What does Vladimir Putin mean for his fans?

For patriarchal anti-liberals, the Russian president is an antidote to the “decline of the West”, by which they mean feminism, the struggle for the rights of minorities, and the penetration of various cultures into German life. Ukrainian Marina Vaysband, who became a red rag for German trolls because of her position on Crimea and Donbass, once wrote: "Show me at least one supporter of Putin who would respect women". This type of supporter admires macho staging of Russian propaganda and longs for a simple life with a clear distribution of roles in it. For them, Putin is the image of a father who will clean up all the problems left by women, homosexuals and foreigners.

For lovers of Russian culture, Putin personifies not only and not so much Russia's present as its past. German intellectuals, who would never dream of calling Angela Merkel a symbol of Germany, do it with ease with regard to the Russian president.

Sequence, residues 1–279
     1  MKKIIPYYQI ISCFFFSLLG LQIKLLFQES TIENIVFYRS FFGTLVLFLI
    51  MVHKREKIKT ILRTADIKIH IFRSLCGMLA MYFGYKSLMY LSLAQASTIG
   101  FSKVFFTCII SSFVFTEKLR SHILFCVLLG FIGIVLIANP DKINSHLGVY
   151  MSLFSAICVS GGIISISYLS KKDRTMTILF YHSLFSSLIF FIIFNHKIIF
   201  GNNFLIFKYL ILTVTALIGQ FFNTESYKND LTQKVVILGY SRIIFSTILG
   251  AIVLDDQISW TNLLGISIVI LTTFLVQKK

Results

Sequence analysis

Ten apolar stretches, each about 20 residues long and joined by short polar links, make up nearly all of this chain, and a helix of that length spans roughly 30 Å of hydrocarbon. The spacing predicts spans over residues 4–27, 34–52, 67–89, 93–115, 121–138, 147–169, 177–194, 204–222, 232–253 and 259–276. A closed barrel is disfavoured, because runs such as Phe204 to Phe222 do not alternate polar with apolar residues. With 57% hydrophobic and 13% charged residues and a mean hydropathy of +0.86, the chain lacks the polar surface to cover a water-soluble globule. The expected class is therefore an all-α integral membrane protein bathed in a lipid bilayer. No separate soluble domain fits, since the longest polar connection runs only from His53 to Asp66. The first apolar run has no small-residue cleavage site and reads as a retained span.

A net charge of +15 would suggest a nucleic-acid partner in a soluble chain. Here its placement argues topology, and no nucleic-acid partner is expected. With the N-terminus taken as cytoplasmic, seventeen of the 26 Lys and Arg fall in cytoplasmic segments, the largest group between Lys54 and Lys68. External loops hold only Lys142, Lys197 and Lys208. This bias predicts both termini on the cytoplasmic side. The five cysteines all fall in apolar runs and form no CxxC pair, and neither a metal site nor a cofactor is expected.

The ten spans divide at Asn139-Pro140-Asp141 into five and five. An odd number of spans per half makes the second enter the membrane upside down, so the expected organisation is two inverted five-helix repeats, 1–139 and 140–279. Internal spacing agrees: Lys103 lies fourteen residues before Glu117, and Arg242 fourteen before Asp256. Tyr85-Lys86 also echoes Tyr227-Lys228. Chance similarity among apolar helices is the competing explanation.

For the enemies of America and the European Union, Putin is the opposite of the United States. Whoever hates America should love Putin - this simple vision is fueled by Russian propaganda. This is mixed with hatred of NATO, unwillingness to distinguish shades and half-tones, not to think about history and not to understand modernity. For those who hate the establishment, Vladimir Putin is a savior; he will save them from the United States, the European Union and a very difficult reality.

Trump fans and conspiracy theorists appreciate what they admire about Trump about Putin. Their position can be described in three words - authoritarianism, nationalism and anti-liberalism. If something goes wrong, Merkel and the EU are to blame, and all hope is on Trump and / or Putin.

It comes as no surprise that German right-wing radicals, with their anti-democratic stance, love Putin. The extreme left is surprising. Perhaps the reason for this phenomenon is that some of them want to go back to the Soviet Union, to a society of social justice for old white men with guaranteed wages.